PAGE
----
Nearly 65 years ago, Harry S. Truman authorized the use of atomic bombs on Hiroshima and Nagasaki.

Nearly 65 years ago, Harry S. Truman authorized the use of atomic bombs on Hiroshima and Nagasaki.

Though an ocean and thousands of miles separate Missouri and Japan, historical experts in both regions will link together in several days to discuss the past, present and future implications of Truman’s decision. “Mr. Truman Meets Hiroshima on the Future of Nuclear Weapons, 1945-2020,” a live video conference and webcast, will take place from 7 to 9 p.m. Monday from the Harry S. Truman Library & Museum in Independence and the Hiroshima Peace Memorial Museum in Japan. Webster University and the Holden Public Policy Forum are the event’s presenters, and former Missouri Gov. Bob Holden will serve as moderator.

Michael Devine, director of the Harry S. Truman Library & Museum, said the library’s mission is to provide a forum for the free discussion of national and international issues. Recently installed high-tech equipment in the facility’s auditorium and public spaces will allow the library to work with an educational institution on an international level, Devine said.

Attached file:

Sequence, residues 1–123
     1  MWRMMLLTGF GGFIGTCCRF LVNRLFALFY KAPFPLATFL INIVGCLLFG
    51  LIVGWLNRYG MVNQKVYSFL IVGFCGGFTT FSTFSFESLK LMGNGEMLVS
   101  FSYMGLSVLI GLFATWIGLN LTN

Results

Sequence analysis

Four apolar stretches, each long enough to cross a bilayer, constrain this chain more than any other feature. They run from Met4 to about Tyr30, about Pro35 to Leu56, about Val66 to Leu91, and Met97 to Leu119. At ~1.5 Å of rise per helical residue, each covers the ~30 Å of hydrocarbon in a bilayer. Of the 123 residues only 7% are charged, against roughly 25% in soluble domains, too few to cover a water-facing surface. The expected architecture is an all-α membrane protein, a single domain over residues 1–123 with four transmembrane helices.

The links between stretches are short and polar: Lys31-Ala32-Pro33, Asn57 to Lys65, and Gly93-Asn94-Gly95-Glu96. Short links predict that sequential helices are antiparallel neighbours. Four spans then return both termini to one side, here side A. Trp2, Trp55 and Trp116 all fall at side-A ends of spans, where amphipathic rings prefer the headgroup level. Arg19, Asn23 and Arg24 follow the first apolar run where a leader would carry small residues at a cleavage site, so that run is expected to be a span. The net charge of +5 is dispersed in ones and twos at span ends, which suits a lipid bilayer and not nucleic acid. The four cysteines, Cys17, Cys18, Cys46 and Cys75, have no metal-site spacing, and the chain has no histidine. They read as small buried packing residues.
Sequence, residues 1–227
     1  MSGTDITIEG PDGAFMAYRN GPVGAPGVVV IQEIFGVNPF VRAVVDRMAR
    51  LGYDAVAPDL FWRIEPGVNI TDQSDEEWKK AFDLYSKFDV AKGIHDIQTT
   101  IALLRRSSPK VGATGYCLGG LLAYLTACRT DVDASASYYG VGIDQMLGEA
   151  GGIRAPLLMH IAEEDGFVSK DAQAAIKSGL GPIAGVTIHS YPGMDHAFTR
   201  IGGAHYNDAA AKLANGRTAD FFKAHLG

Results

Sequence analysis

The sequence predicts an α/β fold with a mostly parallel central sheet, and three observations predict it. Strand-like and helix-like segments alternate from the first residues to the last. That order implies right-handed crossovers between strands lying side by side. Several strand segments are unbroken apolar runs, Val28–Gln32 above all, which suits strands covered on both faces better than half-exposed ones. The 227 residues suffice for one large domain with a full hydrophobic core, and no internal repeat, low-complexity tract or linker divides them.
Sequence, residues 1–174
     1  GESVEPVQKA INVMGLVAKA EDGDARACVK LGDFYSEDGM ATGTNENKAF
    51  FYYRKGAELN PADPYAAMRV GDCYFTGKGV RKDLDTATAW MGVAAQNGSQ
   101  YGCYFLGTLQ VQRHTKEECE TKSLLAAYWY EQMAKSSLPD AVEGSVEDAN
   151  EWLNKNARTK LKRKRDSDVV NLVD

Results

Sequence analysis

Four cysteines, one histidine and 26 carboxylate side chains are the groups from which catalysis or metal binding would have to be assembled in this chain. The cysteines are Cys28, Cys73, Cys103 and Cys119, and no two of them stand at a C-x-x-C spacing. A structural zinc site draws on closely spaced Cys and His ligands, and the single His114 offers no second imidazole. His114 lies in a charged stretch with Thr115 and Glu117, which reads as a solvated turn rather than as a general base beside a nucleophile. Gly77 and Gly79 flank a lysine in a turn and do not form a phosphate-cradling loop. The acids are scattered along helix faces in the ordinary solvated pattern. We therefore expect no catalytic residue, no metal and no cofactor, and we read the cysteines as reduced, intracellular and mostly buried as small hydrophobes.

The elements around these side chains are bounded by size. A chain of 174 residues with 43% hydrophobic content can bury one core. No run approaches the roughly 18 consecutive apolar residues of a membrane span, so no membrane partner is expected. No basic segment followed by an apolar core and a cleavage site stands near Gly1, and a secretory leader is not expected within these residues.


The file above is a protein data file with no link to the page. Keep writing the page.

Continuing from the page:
“It gives us a chance to really enter into a fascinating experiment in doing international programming with a foreign country,” Devine said, “and we’re very excited about the possibilities.”

The live webcast and open channels for audience participation will be available on Facebook and Twitter and can be accessed at http://eagle.webster.edu/TheGlobalForum/ by clicking on the “view webcast” button. 

“Without a doubt, Harry Truman was faced in 1945 with making maybe the most difficult decision any world leader had to make in the 20th century. It’s a decision that is still reviewed, examined and even debated to this day,” Devine said. “Truman felt that once the Second World War ended his role as president was to do everything he could to see that atomic weapons were never used again and that a third World War would be avoided. This conference will look at the last 65 years and projecting into the future, looking at the issue of nuclear disarmament and the implications of that.”